Over the last six months, I have witnessed countless discouraging events that leave me questioning my faith in humanity as both a journalist and a human being.
Since the coronavirus pandemic began, we as a nation have seen an influx of cruelty and hostility toward one another. In businesses, we see customers yelling at essential workers after being asked to wear masks, and in some communities landlords are threatening to evict tenants who cannot make rent due to a loss of work.
On the CTA or walking down the block, we avoid mask-less people or those who wear their face covering as a chin guard, and we notice those on our block throwing large parties that do not follow the Centers for Disease Control and Prevention guidelines, putting others’ health and safety at risk.
At times, the bad news feels overwhelming and never-ending—from the economy free falling to large corporations receiving stimulus funding over small businesses, to rising death tolls and threatened livelihoods, to political divides, to continued social injustice and police brutality.
But in spite of the hardships people have faced at the hands of others, I have also seen a lot of good. Recently, the Chronicle has covered innovative leaders at Columbia pioneering clear face masks and students hosting virtual events to bring people together from afar.
During the summer various organizations across the city regularly delivered food to the elderly and worked with marginalized communities to address needs during the pandemic. Neighbors communicated with positive Post-it Note window messages and hung signs applauding medical workers.
Generous donors have stepped up, giving grants to those struggling to make a stable income, and activists have initiated direct action from leaders toward addressing systemic issues of racism, economic inequality and climate change.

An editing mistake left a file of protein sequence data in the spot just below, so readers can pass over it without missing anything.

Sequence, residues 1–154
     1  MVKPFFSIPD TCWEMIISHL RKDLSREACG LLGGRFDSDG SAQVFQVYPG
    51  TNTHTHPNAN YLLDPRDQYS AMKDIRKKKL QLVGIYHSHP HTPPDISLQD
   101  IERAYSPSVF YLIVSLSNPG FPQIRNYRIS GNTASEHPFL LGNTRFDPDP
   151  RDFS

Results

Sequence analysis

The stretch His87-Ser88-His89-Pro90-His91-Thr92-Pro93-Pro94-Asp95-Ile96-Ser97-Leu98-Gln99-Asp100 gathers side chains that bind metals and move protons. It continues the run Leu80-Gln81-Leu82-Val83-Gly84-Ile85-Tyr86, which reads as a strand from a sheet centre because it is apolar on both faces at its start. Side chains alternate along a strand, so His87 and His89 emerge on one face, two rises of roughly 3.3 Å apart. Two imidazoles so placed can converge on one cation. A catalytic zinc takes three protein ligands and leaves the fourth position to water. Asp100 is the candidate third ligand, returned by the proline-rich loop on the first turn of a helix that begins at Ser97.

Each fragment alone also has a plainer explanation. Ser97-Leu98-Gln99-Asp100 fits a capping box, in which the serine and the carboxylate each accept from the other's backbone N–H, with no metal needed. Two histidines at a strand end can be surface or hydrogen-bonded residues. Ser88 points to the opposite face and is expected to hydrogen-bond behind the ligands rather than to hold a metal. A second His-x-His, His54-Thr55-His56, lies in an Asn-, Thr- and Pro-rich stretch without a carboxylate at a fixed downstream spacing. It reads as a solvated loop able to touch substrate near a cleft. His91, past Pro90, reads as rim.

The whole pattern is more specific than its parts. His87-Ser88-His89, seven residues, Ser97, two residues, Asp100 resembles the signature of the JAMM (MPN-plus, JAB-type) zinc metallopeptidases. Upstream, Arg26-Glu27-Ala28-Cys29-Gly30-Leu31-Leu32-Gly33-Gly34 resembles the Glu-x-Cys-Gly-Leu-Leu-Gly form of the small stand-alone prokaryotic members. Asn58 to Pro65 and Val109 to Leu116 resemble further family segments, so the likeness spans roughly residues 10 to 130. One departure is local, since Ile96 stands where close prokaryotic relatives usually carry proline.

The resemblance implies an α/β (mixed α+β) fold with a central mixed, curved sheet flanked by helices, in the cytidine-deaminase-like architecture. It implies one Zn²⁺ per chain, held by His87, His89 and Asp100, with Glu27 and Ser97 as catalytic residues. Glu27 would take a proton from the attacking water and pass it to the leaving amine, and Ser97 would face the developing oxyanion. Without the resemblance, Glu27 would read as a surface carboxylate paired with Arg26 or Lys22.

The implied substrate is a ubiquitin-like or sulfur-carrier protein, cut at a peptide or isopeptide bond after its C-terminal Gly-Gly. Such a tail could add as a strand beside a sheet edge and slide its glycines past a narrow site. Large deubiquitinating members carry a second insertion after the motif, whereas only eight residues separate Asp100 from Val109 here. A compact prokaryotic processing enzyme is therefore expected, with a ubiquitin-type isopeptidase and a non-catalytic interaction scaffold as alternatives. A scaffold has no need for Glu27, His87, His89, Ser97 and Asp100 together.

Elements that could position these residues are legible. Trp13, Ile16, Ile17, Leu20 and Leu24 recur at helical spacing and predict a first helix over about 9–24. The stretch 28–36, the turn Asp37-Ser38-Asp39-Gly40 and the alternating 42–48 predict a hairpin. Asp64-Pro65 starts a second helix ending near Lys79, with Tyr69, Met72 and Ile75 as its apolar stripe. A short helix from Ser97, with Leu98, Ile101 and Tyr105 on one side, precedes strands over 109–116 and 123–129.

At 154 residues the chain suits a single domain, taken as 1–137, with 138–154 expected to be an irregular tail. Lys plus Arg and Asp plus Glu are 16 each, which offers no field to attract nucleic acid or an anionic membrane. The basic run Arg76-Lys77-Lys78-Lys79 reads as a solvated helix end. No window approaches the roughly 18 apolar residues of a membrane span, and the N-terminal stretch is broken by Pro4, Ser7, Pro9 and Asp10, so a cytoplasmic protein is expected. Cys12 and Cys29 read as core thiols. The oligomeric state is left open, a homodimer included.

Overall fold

While Columbia is not perfect and as a publication we continue to hold the school accountable, its coronavirus guidelines and safety protocols, as well as its anti-racist initiatives, are a promising start toward real change.
The college is faring better than others which have turned to entirely remote instruction and quarantined students due to large outbreaks, and schools like the University of Akron in Ohio, which has laid off a significant number of faculty and staff.
What I have learned from this is that there is a time for understanding and kindness. Especially because the coronavirus, or COVID-19, affects people differently on account of their health, race and socioeconomic status and we do not always know what is going on in their lives.
Although the pandemic may look different to everyone—some who have lost loved ones to the virus, others who must work from home with small kids attending school virtually and those who do not have the option of working from home if they want to keep their jobs—we all have to get through this together by having respect for others’ emotions and health.
This means, yes, wearing a mask and looking out for one another by actively attempting to stop the spread of the coronavirus. It can also mean calling a family member or friend once in a while, volunteering, showing appreciation and compassion, performing random acts of kindness or just trying to peacefully coexist with co-workers, roommates and community members.
Why not go forward with purpose remembering the lessons we have learned about kindness and help our fellow neighbors during this time? Even if Zoom calls are wearing us down, the feeling of hopelessness is slowly creeping in and the fight against injustices feels like an uphill battle, we can at least come out of this closer to those around us—both virtually and physically—rather than more polarized.
We may not have control over how long the pandemic will last or what the next year will bring, but we can control how we treat those around us.
This is essential in improving our community at Columbia and the world at large. The fact that there are caring people out there, working to preserve humanity with patience and grace, gives me hope.